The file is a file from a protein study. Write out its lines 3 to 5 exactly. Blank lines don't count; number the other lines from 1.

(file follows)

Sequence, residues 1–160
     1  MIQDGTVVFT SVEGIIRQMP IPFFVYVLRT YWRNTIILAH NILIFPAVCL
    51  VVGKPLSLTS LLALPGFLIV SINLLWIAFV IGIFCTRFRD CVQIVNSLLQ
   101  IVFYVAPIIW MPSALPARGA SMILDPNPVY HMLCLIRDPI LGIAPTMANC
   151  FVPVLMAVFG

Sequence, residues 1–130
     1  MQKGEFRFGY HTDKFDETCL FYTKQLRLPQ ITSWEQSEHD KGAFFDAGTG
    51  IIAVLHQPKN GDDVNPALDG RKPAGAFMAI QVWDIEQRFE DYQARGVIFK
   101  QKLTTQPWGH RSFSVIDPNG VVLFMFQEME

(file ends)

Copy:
    51  VVGKPLSLTS LLALPGFLIV SINLLWIAFV IGIFCTRFRD CVQIVNSLLQ
   101  IVFYVAPIIW MPSALPARGA SMILDPNPVY HMLCLIRDPI LGIAPTMANC
   151  FVPVLMAVFG